There are many countries across the globe where homosexuality is outright illegal, and for gay men in these countries the use of some gay dating apps may be dangerous.
A truly determined government could easily leverage its resources to overwhelm the company’s security efforts.Joel Simkhai
For many gay men living in these countries, social media has been a boon in keeping their sexuality out of the public eye while still being able to find new friends and romantic partners. However, in the wrong hands these same avenues for free expression can lead to highly situations where they’re exposed to the authorities – or even worse, subject to hate crimes.
This is sadly the case with one London-based social network catering to the LGBT community. Called Manjam, the social network has many Middle Eastern and Asian users, and one Pakistani paramedic was recently apprehended by police after alegedly murdering three men he found through the network. The man reportedly said that his statement to police in way of his defense was that homosexuality should be stamped out for the evil it was.
Even more startling was the revelation that Grindr, a highly popular dating app, could be used to determine the exact location of specific users. With many countries still banning gay sex, Grindr decided to make it harder for users in countries with a poor human rights record – such as Zimbabwe, Sudan, Liberia, Nigeria, Saudi Arabia, Egypt and Russia – to be found out. However, even in the wake of the announcement Grinder warned its users that Egyptian police officers may be setting traps on Grindr by posing as a member of the LGBT community.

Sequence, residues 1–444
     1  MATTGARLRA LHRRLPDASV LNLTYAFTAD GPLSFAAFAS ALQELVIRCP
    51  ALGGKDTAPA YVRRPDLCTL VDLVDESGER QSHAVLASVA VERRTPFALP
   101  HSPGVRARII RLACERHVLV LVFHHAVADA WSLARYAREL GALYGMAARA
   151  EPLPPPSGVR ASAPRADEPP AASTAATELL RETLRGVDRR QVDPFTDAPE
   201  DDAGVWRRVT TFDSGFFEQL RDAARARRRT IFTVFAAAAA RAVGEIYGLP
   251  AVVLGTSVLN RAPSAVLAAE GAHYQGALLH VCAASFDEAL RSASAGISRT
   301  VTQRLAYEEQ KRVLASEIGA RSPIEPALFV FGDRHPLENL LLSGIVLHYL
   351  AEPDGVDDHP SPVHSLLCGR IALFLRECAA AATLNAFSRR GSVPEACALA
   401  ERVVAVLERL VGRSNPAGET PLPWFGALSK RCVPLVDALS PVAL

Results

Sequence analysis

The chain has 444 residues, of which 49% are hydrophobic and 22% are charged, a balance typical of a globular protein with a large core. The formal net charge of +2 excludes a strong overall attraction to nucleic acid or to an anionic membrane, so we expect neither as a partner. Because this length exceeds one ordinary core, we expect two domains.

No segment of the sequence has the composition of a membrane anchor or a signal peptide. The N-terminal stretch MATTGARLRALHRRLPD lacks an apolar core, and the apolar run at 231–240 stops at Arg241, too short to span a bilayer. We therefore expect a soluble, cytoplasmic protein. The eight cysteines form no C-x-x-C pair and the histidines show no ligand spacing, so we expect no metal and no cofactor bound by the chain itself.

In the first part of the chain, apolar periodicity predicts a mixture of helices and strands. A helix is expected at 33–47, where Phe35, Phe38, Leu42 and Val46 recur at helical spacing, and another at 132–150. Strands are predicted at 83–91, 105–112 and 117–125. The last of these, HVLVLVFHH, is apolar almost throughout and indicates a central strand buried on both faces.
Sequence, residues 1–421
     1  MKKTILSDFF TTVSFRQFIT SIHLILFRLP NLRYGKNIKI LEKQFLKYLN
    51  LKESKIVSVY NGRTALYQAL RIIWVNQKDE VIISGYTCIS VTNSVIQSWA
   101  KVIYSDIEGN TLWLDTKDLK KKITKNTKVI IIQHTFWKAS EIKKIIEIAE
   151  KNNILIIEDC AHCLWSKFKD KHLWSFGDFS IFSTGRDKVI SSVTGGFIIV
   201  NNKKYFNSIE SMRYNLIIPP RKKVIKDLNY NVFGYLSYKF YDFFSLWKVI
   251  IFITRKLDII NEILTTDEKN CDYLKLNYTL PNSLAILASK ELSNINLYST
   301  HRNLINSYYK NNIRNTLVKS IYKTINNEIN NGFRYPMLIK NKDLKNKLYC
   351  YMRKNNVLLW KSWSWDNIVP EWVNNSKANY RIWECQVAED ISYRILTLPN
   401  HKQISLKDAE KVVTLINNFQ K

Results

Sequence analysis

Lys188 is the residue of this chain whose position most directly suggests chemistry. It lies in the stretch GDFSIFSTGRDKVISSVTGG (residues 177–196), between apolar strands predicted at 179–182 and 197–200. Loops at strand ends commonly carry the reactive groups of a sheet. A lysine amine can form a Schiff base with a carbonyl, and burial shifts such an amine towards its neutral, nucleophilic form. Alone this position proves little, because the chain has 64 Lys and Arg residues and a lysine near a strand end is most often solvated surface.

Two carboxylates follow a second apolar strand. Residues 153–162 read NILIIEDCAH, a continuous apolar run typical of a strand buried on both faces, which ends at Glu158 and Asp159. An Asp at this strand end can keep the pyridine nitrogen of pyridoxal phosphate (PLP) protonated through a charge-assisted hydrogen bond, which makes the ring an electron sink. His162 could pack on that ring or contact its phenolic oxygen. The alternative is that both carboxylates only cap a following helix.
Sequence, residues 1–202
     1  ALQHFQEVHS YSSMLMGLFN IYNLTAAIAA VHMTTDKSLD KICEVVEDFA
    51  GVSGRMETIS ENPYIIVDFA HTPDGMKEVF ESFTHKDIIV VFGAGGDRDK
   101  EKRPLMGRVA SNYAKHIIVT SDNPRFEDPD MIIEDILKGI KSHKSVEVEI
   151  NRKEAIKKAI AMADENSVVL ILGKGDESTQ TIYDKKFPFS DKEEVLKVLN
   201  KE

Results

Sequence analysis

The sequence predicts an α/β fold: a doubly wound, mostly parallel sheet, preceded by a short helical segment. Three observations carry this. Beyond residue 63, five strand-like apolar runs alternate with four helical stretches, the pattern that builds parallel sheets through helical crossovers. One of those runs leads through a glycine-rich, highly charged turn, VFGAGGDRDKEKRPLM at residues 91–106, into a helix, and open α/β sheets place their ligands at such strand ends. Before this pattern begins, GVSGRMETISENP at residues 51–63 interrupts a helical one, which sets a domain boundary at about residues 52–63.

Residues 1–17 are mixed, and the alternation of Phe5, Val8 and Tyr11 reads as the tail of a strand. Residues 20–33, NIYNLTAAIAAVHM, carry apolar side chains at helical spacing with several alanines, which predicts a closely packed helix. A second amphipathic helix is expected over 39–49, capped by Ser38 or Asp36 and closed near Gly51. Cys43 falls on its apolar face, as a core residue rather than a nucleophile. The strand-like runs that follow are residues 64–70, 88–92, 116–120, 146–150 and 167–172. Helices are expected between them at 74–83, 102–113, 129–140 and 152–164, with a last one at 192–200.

Joel Simkhai, chief executive for Grindr, reiterated the company’s commitment to providing privacy to its users. However, he was quick to say that a truly determined government could easily leverage its resources to overwhelm the company’s security efforts.
A watchdog group based in New York has been working to educate and warn the LGBT community. The International Gay and Lesbian Human Rights Commission’s Middle East and North Africa program coordinator, Hossein Alizadeh, said that many of the strategies used in the region rely upon blackmail or entrapment when it comes to rooting out the “evils” of homosexuality in the region.
This archive content was originally published September 29, 2014 (www.betawired.com)